Gamer Scribbles

The Curious Case of the Never-Ending Backlog

Nine out of ten gamers have one. We don’t mean for it to happen, but new and shinier things always seem to come our way, leading to last week’s new release finding its way to the stack of games we promise ourselves we will get back to just as soon as the summer lull comes around.

For some of us, it’s not so bad. Less than a baker’s dozen of past releases remain sealed or still have that fresh from the factory smell. And we will get to those, just as soon as we finish up a season of whatever EA Sports title or in-depth RPG is causing the hold up. For others (primarily those working in the industry, whether it be as developer or journalist), that stack of games is more likely triple what a normal gamer has waiting.  It’s not that you don’t want to play them, because you most definitely do, but in between playing or making games for work, plowing through weekly review copies and picking up the ones you aren’t comped, it doesn’t take long to watch your backlog develop into a monster. Right now I have 69 uncompleted (by my standard) titles in my backlog as I am writing this. That is including Dragon Age 2 which I know I won’t have finished (read-unlocked all achievements) before I get my hands on 3rd Birthday. This is how they break down:

Wii – 1, DS – 8, GameCube – 5, PS2 – 8, PS3 – 7, PSP – 9, 360 – 31

Most of these are games I bought with the intent of playing them right away. Like Metal Gear Solid 4 which I did play right away, the night it came out. We had a midnight launch at the store and when I got home at 2am, slightly damp from the automatic sprinklers on my short walk back, I played until I hit the section I’d run through in a demo at the very first E4All Expo. Went to bed and honestly haven’t touched it since. Why? Really, I’m not sure. I haven’t been in the mood to go back to it and I don’t feel that same draw toward my PS3 as I do to my 360. I know I want to play it and the other games in my PS3 backlog. And I will. Just as soon as I finish Tools of Destruction.

When tackling the beast I’ve let my backlog become I try to focus on one game per system at a time. I may have four games on the go, but as long as each system is only working on one title, I feel like I have a bit more control. Husband has the TV for the night and is playing something of his own? Great! That means I’ll sit down and work on something from my handheld stack. During the week I’ll work on my console games in-between writing and the other nonsense I accomplish. If I’m lucky I might knock out two to three games in a month – only to have them replaced with something else right away. I like to buy more games as a treat whenever I successfully remove one or two from my stack. I keep an eye on Amazon sales and check out Fry’s every week or so, looking for some great deal I can convince my husband to buy for me with puppy dog eyes and “I finished X, X and X!”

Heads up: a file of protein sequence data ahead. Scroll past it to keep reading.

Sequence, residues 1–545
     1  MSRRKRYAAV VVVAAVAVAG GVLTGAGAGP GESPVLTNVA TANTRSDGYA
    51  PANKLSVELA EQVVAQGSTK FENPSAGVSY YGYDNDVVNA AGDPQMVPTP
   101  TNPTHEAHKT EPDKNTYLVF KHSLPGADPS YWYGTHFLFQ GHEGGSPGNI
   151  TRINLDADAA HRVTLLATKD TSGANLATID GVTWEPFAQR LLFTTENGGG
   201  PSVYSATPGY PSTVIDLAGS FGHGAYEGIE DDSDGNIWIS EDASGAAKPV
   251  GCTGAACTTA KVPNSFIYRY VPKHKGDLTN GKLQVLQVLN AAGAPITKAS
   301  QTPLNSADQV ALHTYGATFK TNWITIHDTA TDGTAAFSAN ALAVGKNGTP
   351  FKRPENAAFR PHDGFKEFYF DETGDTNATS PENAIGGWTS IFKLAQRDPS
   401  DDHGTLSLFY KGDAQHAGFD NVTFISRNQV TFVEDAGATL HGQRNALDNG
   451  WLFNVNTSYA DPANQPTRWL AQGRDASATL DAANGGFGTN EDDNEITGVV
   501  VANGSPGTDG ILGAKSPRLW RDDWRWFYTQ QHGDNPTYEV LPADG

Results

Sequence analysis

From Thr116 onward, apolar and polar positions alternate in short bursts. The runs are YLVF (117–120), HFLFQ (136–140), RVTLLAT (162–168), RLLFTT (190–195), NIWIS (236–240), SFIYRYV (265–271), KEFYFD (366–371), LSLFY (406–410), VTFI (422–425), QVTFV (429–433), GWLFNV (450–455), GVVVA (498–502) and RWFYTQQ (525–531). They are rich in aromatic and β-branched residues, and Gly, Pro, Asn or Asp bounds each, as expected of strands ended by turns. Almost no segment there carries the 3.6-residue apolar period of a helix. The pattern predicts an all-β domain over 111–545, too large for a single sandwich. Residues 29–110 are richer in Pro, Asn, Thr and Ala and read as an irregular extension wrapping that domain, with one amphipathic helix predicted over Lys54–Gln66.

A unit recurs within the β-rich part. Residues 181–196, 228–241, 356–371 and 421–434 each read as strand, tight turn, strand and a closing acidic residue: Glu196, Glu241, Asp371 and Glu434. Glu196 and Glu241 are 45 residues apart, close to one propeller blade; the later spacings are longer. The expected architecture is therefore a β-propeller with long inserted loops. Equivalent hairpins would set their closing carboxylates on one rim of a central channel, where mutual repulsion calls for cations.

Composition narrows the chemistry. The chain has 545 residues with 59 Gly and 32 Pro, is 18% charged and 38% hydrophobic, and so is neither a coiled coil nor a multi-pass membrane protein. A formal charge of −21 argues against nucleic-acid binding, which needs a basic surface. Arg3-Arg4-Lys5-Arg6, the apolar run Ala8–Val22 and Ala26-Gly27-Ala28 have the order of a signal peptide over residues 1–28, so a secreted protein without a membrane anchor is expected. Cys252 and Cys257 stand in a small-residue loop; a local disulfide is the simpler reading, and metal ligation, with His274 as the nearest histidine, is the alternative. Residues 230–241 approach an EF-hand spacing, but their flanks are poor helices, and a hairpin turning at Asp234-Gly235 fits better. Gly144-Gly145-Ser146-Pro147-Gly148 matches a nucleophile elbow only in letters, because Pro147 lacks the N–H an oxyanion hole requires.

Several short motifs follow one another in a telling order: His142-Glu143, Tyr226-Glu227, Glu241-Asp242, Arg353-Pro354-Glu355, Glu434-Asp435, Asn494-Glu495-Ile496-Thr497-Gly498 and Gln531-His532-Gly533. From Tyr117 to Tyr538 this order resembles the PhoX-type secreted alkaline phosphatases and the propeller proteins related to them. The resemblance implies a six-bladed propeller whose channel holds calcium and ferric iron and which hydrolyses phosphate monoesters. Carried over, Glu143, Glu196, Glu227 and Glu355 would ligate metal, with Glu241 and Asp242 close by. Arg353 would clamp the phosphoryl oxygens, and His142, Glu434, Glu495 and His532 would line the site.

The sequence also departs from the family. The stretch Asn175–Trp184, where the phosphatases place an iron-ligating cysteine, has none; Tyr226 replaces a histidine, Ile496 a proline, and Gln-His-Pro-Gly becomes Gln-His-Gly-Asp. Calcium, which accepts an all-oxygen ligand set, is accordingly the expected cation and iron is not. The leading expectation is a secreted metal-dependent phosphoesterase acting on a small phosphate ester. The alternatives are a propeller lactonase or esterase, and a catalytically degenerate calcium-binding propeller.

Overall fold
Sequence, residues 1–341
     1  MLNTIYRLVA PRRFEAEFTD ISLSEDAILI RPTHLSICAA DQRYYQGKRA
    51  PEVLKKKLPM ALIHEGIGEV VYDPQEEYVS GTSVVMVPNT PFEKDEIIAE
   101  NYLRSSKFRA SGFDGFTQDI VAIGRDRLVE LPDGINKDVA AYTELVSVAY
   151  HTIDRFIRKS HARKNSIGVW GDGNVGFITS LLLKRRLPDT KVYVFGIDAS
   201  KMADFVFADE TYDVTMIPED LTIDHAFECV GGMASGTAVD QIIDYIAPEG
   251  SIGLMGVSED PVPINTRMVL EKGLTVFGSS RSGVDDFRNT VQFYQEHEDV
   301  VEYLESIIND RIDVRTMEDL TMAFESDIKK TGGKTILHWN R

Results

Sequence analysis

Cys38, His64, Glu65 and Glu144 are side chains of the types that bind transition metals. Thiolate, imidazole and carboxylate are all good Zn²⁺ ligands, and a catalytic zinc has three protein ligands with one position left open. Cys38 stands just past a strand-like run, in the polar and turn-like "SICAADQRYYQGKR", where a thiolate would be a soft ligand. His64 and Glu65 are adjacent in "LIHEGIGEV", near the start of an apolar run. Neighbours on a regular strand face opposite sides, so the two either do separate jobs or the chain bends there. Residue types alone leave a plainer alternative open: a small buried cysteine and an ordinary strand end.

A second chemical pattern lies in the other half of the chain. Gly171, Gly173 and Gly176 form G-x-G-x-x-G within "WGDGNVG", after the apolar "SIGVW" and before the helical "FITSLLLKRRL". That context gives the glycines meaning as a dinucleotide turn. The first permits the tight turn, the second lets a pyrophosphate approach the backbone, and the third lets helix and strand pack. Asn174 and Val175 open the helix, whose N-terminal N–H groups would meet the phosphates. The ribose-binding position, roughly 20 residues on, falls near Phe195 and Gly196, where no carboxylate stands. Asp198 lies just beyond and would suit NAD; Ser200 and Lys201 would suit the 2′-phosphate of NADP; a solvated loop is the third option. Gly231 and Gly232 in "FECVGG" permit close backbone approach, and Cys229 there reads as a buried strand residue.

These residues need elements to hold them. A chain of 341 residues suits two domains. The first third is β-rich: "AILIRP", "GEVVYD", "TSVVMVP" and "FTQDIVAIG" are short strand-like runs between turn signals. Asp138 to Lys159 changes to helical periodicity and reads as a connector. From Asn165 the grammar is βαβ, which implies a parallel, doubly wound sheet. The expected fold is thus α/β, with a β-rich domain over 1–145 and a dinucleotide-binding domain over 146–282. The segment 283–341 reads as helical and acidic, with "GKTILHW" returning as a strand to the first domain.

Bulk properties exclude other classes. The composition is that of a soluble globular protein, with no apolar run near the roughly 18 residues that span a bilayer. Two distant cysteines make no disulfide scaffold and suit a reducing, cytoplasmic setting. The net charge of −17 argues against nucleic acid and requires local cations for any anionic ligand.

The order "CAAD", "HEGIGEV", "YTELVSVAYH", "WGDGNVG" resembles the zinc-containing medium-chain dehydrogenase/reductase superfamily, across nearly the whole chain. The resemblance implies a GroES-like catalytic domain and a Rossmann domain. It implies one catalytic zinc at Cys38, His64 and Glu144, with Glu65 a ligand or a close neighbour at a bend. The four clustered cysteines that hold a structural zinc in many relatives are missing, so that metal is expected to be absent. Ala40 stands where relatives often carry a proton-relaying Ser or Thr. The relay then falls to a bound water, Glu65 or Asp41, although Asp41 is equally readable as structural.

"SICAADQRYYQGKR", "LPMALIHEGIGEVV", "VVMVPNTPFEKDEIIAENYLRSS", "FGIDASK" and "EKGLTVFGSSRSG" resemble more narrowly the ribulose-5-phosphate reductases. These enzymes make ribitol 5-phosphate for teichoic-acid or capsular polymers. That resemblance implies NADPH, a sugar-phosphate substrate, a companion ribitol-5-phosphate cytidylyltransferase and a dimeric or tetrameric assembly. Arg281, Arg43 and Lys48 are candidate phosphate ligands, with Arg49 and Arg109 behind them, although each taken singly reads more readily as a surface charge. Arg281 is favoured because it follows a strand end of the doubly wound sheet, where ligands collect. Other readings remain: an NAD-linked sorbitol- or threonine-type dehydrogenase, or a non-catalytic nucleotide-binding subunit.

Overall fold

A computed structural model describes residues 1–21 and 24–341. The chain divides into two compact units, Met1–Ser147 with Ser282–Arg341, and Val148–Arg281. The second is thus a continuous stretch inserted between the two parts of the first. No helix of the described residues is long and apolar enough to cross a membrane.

So just how do I determine when I am finished with a game? When I unlock all achievements/trophies in a game? Or maybe when I’ve completed the main storyline?

Honestly, each game is different. I know what kinds of games are my strongest and which are my weakest. Getting through the story mode in an FPS is just as great an accomplishment for me as getting every last side quest in an RPG. Take Modern Warfare as an example. I bought that game knowing full well that I suck at FPS games. I enjoy them immensely, but I know I am not likely to fare well online with more dedicated players (even amongst friends). No clan is going to want me on their squad, and I have no silly aspirations of thinking I could compete with the more serious MLG players. I made it through the story on a fairly easy mode and gave it another shot the next level up. When I hit a wall, I knew it was time to retire the game. Because I had at least finished the story, I count it as a completed title, no longer part of my backlog.

The same cannot be said for adventure and role playing games. With those, I need to explore and complete as many side quests/hidden missions/treasure hunts as possible. Even if they have no achievement or trophy attached to them. I did indeed complete that 100 level grindfest in Final Fantasy X-2…. twice. I will finish every meaningless fetch quest in Oblivion for armour that is inferior to what I have now just so I can see them in the completed quests log. I will spend 90 minutes with that blasted bomber in Assassin’s Creed Brotherhood so I can say I destroyed DaVinci’s war machines. I will push myself to finish Alan Wake on Nightmare mode. These are the games where that 100% completion rate matters to me.

Each gamer is different when it comes to defining when they have completed a game. Some gamers play for high gamerscore and trophy counts while others, such as myself, play the games we want to play on the systems we want to use purely for the love of gaming. I know I will never have a 100K gamerscore on Xbox Live or have a platinum collection on PSN to rival those of my friends. And I’m OK with that. Right now, all I want to focus on is enjoying the games I haven’t yet, one to four games at a time while I keep feeding the monster.


Before I go, I just wanted to share some link-love for the Gamer Banter blog exchange series initiated by GameCouch. This month we’re all discussing how we define “completing” a video game.

Zath: When Do You Know That You’ve Completed A Game?

Gunthera1-gamer: I have never completed a current generation game

Silvercublogger: What Do You Mean By Gamer Banter

The Game Fanatics: Gamer Banter: To Beat a Game

SnipingMizzy: Is it over yet?

Game Couch: The End?

OXCGN: When Is A Game Truly ‘Finished’ For You?

Gamer Banter is a monthly video game discussion series coordinated by Terry at Game Couch. If you’re interested in being part of this, please email Terry for details.

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